A suicide bombing in a Nigerian church has claimed the lives of at least seven, and left 100 others injured in Kaduna. The northern city has previously been the target of terrorist attacks by Islamist militant group Boko Haram. Citizens have been asked not to retaliate by area officials, and President Goodluck Jonathan has promised to reinforce the governments defenses against terrorist attacks, calling the bombing an “unfortunate and unacceptable trend that threatens the peace and stability of our nation.”
A vehicle carrying explosives drove into St. Rita’s church during Mass at 9.a.m before detonating its load. According to the BBC, the vehicle was held at a security gate outside the church, but the driver forced the truck through the wall of the church and set off the bomb.
“The persistence of messengers of evil will not prevail over the will of the government and the people to secure peace and safety,” Reuben Abati, a spokesman for Jonathan, said after the attack.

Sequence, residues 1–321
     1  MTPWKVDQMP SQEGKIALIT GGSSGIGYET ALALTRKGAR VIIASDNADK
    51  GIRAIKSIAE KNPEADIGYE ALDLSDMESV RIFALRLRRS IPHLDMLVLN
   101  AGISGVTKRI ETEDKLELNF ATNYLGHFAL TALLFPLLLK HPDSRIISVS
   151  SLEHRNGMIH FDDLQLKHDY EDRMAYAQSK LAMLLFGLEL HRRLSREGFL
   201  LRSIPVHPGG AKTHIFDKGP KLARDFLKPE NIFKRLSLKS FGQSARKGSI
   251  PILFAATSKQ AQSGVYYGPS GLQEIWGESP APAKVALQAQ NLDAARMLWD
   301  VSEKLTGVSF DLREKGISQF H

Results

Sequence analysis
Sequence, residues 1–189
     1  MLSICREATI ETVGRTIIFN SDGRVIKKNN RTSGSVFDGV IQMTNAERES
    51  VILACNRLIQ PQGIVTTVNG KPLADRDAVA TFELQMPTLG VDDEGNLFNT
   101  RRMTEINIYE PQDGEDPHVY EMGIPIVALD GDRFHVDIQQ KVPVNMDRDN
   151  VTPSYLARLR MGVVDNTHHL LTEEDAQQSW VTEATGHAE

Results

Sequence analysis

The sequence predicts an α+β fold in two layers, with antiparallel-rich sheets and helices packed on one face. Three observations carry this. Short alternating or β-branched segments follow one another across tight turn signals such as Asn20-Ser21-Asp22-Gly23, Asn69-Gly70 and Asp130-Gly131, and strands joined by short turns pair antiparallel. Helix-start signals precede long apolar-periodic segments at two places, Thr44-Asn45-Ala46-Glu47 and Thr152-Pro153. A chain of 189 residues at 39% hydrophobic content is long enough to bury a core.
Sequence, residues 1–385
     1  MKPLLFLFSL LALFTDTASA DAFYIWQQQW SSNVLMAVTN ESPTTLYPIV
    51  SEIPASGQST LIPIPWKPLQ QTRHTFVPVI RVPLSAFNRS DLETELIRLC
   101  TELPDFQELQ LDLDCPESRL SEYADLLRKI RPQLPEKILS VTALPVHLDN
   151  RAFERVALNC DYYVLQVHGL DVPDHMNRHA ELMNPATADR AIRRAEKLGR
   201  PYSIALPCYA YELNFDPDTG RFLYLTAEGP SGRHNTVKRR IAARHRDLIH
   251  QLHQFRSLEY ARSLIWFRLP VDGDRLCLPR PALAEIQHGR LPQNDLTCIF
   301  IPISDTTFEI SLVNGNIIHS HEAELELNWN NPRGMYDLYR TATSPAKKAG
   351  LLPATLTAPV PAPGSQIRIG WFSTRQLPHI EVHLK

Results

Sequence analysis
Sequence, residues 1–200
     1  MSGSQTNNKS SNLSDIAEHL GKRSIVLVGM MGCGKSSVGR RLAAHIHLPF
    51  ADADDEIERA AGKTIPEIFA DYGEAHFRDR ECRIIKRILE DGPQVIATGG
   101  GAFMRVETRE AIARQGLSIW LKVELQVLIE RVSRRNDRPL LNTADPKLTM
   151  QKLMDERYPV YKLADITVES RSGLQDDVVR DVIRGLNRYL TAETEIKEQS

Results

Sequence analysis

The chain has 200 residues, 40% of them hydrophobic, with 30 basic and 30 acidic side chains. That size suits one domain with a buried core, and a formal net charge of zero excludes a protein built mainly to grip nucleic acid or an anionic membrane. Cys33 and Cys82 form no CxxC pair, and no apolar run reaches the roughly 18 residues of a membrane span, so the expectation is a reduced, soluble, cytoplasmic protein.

In June, the Boko Haram claimed responsibility for a series of church bombings in Kaduna state. Between the bombings and retaliations, at least 50 people died. A US Congressional report from November 2011 listed Boko Haram as an “emerging threat” and said the group may be allied with al-Qaeda, something the group denies.
Kaduna lies between Nigeria’s pre-dominantly Muslim northern region, and the largely Christian south. Boko Haram has been working to overthrow the Nigerian government and impose fundamentalist Islamic law, prompting violence in the north. The northern states also face higher rates of poverty compared to the oil-rich south-east.